Consequently, the following HIPAA Privacy Rule checklist should be regarded as a starting point for any subsequent HIPAA compliance checklist that may be more appropriate for your organization.
- Step 1. Designate a HIPAA Privacy Officer responsible for the development, implementation, and enforcement of HIPAA-compliant policies.
- Step 2. Understand what PHI is, how it can be used and disclosed in compliance with HIPAA, and when an individual´s authorization is required.
- Step 3. Identify risks to the privacy of PHI and implement safeguards to minimize risks to a “reasonable and appropriate” level.
- Step 4. Develop policies and procedures for using and disclosing PHI in compliance with HIPAA and for preventing HIPAA violations.
- Step 5. Develop policies and procedures for obtaining authorizations and for giving individuals an opportunity to agree or object when required.
- Step 6. Develop and distribute a Notice of Privacy Practices explaining how the organization uses and discloses PHI and outlining individuals´ rights.
- Step 7. Develop policies and procedures for managing patient access requests (to their PHI), correction requests, and data transfer requests.
- Step 8. Develop procedures for members of the workforce to report HIPAA violations and for the organization to fulfil its breach notification requirements.
- Step 9. Train members of the workforce on the policies and procedures relevant to their roles and on general HIPAA compliance.
- Step 10. Develop and distribute a sanctions policy outlining the sanctions for non-compliance with the organization´s HIPAA policies.
- Step 11. Perform due diligence on Business Associates, review existing Business Associate Agreements, and revise as necessary.
- Step 12. Develop and document a contingency plan for responding to an emergency that damages systems or physical locations in which PHI is maintained.
What Should a HIPAA Risk Assessment Consist Of?
Before moving ahead with other types of HIPAA compliance checklists, it is worth discussing what a HIPAA risk assessment should consist of. This is because there is a lack of guidance as to what risks should be assessed and how risk assessments should be analyzed.
The Department of Health and Human Services (HHS) has explained that the failure to provide a “specific risk analysis methodology” is due to Covered Entities and Business Associates being of different sizes, capabilities, and complexity.
However, HHS does provide guidance on the objectives of a HIPAA risk assessment:
- Identify the PHI that your organization creates, receives, stores, and transmits – including PHI shared with consultants, vendors, and Business Associates.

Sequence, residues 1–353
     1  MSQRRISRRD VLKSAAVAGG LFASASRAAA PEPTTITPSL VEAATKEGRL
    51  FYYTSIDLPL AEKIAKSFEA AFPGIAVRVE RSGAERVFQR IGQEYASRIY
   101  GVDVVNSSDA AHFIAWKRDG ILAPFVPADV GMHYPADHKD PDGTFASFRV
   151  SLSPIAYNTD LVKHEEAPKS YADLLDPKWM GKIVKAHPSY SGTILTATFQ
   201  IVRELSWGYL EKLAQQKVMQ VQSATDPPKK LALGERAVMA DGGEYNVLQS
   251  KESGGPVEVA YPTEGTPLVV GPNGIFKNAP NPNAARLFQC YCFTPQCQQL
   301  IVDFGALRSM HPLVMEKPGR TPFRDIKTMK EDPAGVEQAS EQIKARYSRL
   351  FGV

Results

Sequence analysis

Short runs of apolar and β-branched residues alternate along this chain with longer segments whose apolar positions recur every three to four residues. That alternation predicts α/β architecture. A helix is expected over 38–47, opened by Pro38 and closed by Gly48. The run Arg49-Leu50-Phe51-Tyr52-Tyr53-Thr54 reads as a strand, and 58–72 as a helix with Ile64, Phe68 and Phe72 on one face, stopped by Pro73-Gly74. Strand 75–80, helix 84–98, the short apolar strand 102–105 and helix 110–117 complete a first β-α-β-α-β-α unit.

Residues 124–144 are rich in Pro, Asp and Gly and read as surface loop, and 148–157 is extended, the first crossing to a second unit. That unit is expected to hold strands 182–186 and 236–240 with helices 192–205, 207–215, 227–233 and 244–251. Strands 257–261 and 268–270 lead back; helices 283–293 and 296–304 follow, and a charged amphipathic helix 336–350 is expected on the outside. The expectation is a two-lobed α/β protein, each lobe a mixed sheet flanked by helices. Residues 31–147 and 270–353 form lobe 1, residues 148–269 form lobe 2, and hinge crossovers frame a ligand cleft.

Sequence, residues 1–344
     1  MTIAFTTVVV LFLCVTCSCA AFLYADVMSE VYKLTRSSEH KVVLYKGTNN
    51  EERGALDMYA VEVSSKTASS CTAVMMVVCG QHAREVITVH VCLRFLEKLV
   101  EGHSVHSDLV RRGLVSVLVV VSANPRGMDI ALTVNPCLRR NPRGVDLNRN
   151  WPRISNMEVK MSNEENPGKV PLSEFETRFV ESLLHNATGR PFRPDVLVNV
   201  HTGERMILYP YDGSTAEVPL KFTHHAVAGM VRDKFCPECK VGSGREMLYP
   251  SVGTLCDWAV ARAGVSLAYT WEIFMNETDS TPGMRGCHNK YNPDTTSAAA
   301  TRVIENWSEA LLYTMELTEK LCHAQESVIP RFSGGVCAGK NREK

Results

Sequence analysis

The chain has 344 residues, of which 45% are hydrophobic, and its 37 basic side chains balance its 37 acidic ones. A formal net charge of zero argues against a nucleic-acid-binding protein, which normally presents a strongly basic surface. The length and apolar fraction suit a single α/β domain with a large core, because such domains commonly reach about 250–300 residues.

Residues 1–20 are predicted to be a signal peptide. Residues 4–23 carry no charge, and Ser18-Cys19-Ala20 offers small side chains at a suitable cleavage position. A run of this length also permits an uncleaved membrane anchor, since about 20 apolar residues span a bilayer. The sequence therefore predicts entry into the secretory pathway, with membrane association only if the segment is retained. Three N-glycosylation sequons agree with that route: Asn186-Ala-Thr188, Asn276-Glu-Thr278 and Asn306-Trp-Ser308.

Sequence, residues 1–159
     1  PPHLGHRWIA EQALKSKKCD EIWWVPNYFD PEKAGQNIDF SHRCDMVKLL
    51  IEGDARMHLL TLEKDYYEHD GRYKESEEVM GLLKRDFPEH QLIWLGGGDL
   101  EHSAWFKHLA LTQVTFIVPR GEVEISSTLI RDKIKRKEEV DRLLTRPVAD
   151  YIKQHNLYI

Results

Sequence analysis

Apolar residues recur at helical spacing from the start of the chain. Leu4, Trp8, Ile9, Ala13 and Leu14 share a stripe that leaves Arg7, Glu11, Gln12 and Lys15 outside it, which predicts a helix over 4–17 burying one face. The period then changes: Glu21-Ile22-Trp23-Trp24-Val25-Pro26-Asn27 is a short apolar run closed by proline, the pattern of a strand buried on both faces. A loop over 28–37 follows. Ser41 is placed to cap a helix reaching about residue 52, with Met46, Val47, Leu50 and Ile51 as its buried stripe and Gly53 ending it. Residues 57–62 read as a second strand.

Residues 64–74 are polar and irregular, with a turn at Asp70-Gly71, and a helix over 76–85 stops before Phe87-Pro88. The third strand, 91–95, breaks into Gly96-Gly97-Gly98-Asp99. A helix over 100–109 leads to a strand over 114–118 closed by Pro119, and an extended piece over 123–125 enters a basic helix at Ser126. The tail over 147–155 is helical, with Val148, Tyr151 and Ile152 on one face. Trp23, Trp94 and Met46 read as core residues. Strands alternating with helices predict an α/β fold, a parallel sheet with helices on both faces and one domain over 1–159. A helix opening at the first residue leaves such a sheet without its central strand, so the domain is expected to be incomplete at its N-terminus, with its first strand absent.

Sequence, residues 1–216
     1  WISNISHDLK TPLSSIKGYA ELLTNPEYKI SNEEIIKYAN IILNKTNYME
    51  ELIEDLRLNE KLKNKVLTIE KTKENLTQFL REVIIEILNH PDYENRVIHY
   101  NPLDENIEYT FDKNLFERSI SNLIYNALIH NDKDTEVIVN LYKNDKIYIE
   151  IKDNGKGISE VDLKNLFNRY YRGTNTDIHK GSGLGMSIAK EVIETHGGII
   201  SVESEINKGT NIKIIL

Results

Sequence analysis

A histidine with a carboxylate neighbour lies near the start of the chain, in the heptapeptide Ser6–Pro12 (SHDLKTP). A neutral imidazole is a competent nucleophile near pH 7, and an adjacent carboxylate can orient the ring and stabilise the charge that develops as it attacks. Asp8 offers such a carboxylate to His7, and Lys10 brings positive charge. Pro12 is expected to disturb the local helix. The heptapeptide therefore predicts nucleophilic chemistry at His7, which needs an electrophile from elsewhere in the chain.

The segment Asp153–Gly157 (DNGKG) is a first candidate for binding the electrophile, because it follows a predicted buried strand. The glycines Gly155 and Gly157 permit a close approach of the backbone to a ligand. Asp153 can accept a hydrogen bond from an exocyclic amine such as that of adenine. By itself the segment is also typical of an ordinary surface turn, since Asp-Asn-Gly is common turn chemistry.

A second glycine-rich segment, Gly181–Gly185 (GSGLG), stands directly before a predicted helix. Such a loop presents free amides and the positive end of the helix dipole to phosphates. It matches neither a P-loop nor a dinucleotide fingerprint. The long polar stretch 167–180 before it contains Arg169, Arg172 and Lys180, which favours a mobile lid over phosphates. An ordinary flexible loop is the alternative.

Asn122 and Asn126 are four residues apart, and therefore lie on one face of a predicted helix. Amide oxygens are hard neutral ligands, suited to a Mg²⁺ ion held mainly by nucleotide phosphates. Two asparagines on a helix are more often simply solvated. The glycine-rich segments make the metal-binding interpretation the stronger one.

- Identify the human, natural, and environmental threats to the integrity of PHI – human threats including those which are both intentional and unintentional.
- Assess what measures are in place to protect against threats to the integrity of PHI, and the likelihood of a “reasonably anticipated” breach occurring.
- Determine the potential impact of a PHI breach and assign each potential occurrence a risk level based on the average of the assigned likelihood and impact levels.
- Document the findings and implement measures, procedures, and policies where necessary to tick the boxes on the HIPAA compliance checklist and ensure HIPAA compliance.
- The HIPAA risk assessment, the rationale for the measures, procedures, and policies subsequently implemented, and all policy documents must be retained for a minimum of six years.
As mentioned above, a HIPAA risk assessment is not a one-time requirement, but a regular task necessary to ensure continued HIPAA compliance.
The HIPAA risk assessment and an analysis of its findings will help organizations to comply with many other areas on our HIPAA compliance checklist and should be reviewed whenever changes to the workforce, work practices, or technology occur.
Depending on the size, capability, and complexity of an organization, compiling a fully comprehensive HIPAA risk assessment can be an extremely long-winded task.
There are various online tools that can help organizations with the compilation of a HIPAA risk assessment; although, due to the lack of a “specific risk analysis methodology”, there is no one-size-fits-all solution.
HIPAA Security Rule